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Career and Education Opportunities for Optometrists in Columbus, Ohio

Optometrists can find many career and educational opportunities in the Columbus, Ohio area. Currently, 1,390 people work as optometrists in Ohio. This is expected to grow 11% to 1,540 people by 2016. This is not quite as good as the nation as a whole, where employment opportunities for optometrists are expected to grow by about 24.4%. In general, optometrists diagnose, manage, and treat conditions and diseases of the human eye and visual system.

Optometrists earn approximately $49 per hour or $103,240 per year on average in Ohio. Nationally they average about $46 hourly or $96,320 yearly. Optometrists earn more than people working in the category of Ophthalmology generally in Ohio and more than people in the Ophthalmology category nationally. People working as optometrists can fill a number of jobs, such as: doctor of optometry , doctor, and optometry doctor .

There are sixty-three schools of higher education in the Columbus area, including one within twenty-five miles of Columbus where you can get a degree to start your career as an optometrist. Given that the most common education level for optometrists is a Doctoral degree, you can expect to spend four or five years training to become an optometrist if you already have a Bachelor's degree, or eight to ten years if you have a high school diploma.

CAREER DESCRIPTION: Optometrist

Optometrist video from the State of New Jersey Dept. of Labor and Workforce Development

In general, optometrists diagnose, manage, and treat conditions and diseases of the human eye and visual system. They also examine eyes and visual system, diagnose problems or impairments, prescribe corrective lenses, and provide treatment.

Optometrists analyze test results and design treatment plans. They also examine eyes, using observation, instruments and pharmaceutical agents, to establish visual acuity and perception, focus and coordination and to diagnose diseases and other abnormalities such as glaucoma or color blindness. Equally important, optometrists have to prescribe, supply, fit and adjust eyeglasses, contact lenses and other vision aids. They are often called upon to confer with and refer patients to ophthalmologists or other health care practitioners if additional medical treatment is determined needed. They are expected to educate and counsel patients on contact lens care, visual hygiene, lighting arrangements and safety factors. Finally, optometrists examine eyes, using observation, instruments and pharmaceutical agents, to establish visual acuity and perception, focus and coordination and to diagnose diseases and other abnormalities such as glaucoma or color blindness.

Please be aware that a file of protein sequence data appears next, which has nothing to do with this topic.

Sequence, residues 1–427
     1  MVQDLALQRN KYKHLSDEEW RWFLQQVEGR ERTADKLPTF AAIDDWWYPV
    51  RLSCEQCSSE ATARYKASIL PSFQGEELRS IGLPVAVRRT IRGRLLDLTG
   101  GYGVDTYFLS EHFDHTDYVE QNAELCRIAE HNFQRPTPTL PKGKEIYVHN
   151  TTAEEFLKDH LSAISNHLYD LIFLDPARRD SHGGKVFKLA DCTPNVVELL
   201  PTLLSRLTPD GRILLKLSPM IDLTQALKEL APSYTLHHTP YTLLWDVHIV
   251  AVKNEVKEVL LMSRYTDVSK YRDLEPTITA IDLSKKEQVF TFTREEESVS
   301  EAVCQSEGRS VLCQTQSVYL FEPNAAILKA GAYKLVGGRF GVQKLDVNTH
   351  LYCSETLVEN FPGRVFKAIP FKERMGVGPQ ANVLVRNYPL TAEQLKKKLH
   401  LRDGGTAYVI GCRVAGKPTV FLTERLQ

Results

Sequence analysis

Every day, optometrists are expected to be able to piece together evidence to, in some sense, diagnose what is going on in a situation. They need to evaluate problems as they arise. It is also important that they listen to and understand others in meetings.

It is important for optometrists to furnish vision therapy and low vision rehabilitation. Somewhat less frequently, optometrists are also expected to educate and counsel patients on contact lens care, visual hygiene, lighting arrangements and safety factors.

Optometrists sometimes are asked to remove foreign bodies from the eye. and prescribe medications to treat eye diseases if state laws permit. And finally, they sometimes have to furnish vision therapy and low vision rehabilitation.

Like many other jobs, optometrists must have exceptional integrity and have a strong concern for others.

Similar jobs with educational opportunities in Columbus include:

  • Dentist. Diagnose and treat diseases, injuries, and malformations of teeth and gums and related oral structures. May treat diseases of nerve, pulp, and other dental tissues affecting vitality of teeth.